PZL Mielec M-15 Belphegor
1973
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PZL Mielec M-15 Belphegor

Following an agreement between the Polish and Soviet governments for the design and production of a new large agricultural aircraft, allocated the designation P.Z.L. Mielec M-15, design of this aircraft was initiated in late 1971 and the initial LLP-M15 prototype made its first flight on 30 May 1973. One M-15 prototype and five pre-production aircraft followed, and completion of the development programme was signified by the award of a full certificate of airworthiness on 4 April 1979. Of unusual configuration, the M-15 had unequal-span biplane wings, twin tailbooms extending aft to twin fins and rudders united by a high-set tailplane and elevator, and fixed tricycle landing gear. A central fuselage nacelle provided accommodation for the pilot and, to his rear, had a cabin to seat two ground crew during ferry flights between operating areas. The single turbofan power-plant was mounted above the fuselage nacelle, and two streamlined chemical hoppers occupied the full gap between each wing, mounted directly beneath the tailbooms, their combined chemical capacity 2900 litres.

PZL Mielec M-15 Belphegor

Plans had been made to manufacture 3,000 M-15s, which had been given the name Belphegor during 1979, but production ended in 1981 after only 120 had been built because the aircraft was uneconomical in operation, P.Z.L. producing the turboprop An-3 instead.

3-View 
PZL Mielec M-15 BelphegorA three-view drawing (744 x 850)


Specification 
 ENGINE1 x Ivchenko AI-25 turbofan, 1500kg
 WEIGHTS
    Take-off weight5750 kg12677 lb
 DIMENSIONS
    Wingspan22.33 m73 ft 3 in
    Length13.13 m43 ft 1 in
    Height5.34 m18 ft 6 in
    Wing area67.9 m2730.87 sq ft
 PERFORMANCE
    Max. speed200 km/h124 mph
    Cruise speed175 km/h109 mph
    Range480 km298 miles

PZL Mielec M-15 Belphegor

Comments
Jim Bowerman, 07.01.2011

There is one of these mounted on a stand at a grass airport just outside of Szolnok, Hungary.

Waldemar, 05.02.2010

Behind the official agricultural use of this M-15 was plane capable to be used during chemical warfare. At that time Russian didn't care how much fuel plane would burn. They were giving that crazy ideas such as M-15 to Polish engineers to keep them busy and steer away from production of M-18 Dromader and other good independent ideas. I'm not sure how many were build, I was flying one time on a glider cross country flight and have seen well over 30 at the Mielec Airport ready to be shipped to Russia. If I go back to my log book, I may recover the date of that flight over Mielec (I thing it was Sept. 1999)
That was the time when Moscow was telling the PZL factories what they can or can not do do. A friend of mine, Polish born crop duster pilot who flown those planes, may have a first hand and very interested stories on the subject.

Episofique, 11.03.2009

3000 were ordered, but the soviets changed their mind. Only 750 have been made for Russia. It was too expensive to maintain they gave the jets to Hungary, and others satellite Soviet Republics.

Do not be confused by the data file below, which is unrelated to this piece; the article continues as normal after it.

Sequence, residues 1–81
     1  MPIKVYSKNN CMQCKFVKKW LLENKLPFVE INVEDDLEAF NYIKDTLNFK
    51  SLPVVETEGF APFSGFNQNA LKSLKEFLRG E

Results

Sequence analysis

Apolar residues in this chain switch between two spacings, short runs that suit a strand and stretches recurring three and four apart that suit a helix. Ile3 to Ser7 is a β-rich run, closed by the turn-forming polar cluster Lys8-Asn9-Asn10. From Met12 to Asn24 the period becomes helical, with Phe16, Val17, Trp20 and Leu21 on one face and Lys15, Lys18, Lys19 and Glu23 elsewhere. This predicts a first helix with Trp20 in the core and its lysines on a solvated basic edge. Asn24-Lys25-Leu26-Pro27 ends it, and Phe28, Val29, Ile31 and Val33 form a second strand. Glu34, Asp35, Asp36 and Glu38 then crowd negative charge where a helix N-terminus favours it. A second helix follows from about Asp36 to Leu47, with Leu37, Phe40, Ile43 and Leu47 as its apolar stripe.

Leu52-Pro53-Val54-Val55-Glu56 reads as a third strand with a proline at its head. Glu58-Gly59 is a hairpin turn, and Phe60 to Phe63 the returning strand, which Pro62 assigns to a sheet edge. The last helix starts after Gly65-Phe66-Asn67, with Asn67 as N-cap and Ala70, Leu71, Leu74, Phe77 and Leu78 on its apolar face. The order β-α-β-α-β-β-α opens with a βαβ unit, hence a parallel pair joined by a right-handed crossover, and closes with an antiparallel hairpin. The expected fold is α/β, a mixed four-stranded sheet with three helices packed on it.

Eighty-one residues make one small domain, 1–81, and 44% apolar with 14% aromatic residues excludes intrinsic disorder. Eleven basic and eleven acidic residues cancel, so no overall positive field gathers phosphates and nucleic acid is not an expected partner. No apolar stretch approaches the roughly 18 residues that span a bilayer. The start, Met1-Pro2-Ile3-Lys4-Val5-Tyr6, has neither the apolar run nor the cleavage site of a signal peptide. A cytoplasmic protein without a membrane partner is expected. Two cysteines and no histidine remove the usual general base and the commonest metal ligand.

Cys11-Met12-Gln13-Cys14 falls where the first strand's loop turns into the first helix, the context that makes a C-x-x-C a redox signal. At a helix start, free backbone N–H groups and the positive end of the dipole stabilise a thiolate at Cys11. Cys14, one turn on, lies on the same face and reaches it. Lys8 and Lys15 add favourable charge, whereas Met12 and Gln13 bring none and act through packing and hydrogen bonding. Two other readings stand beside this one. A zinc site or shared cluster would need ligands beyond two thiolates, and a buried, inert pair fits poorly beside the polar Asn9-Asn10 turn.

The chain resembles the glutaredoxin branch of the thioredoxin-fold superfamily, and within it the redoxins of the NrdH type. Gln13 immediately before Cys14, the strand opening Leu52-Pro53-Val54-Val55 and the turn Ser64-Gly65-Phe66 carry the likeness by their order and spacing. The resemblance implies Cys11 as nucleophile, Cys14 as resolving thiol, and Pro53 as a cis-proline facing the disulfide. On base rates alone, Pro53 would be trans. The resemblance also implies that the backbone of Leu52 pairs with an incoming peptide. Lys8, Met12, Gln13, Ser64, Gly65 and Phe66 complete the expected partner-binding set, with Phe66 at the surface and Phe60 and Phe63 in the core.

kalrin, 17.05.2008

onl;y in cracow you say.... ha i saw one in hungary and in russia so i think you have no idea what you are talking about

tiptop, 06.05.2008

The plane was only a prototype. There was no production. If You'd like to see that airplane , come to Cracow. The only prototype is in Polish Aircraft Museum.

Sgt., 19.02.2008

A jet powered biplane?????
Isn´t the engine too powerful,enough to crack the wings?

Reg Saretsky, 06.02.2008

Actually, in Soviet Bloc three seat cockpit allows collective farm boss & political advisor to ride with ag pilot.
Hmmm- maybe a Forest fire fighting special ?...

wolf, 19.10.2007

Chuck, go see Transavia/australia and if you can coment on Belphegor....

Chuck, 22.09.2007

Hello, friends:
This is indeed the strangest, aircraft-like flying machine I've ever heard of and seen. Are there more larger photos of it, its details, its cockpit and the like. I'd like to know this rare thing in detail. Seems incredible that it can fly. Should you have the material I've requested make it available for me as soon as you get it, please. I will very highly appreciate your effort.
Yours faithfully,
Chuck

Gerd Naydock, 29.08.2007

A jet-powered biplane as well as cropduster? Now I've seen it all. I wonder what the thinking was behind using this as a powerplant given lack of fuel economy. Fairly slow maximum speed to boot for a jet aircraft. I presume that the large container-looking structures inward from the struts must be chemical storage tanks. Unbelievable.

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FACTS AND FIGURES

© The upper wing was equipped with a variety of high-lift devices, while the lower wing had nozzles for the dispensing of granular or liquid chemicals.

© The cabin normally housed a mechanic or two, but could carry up to 21 passengers for ferry purposes. These could have been agricultural workers or perhaps Special Forces troops.

© The chemical hoppers were contained within the large interplane struts. Along with the fixed undercarriage these created a lot of drag and increased the fuel consumption.



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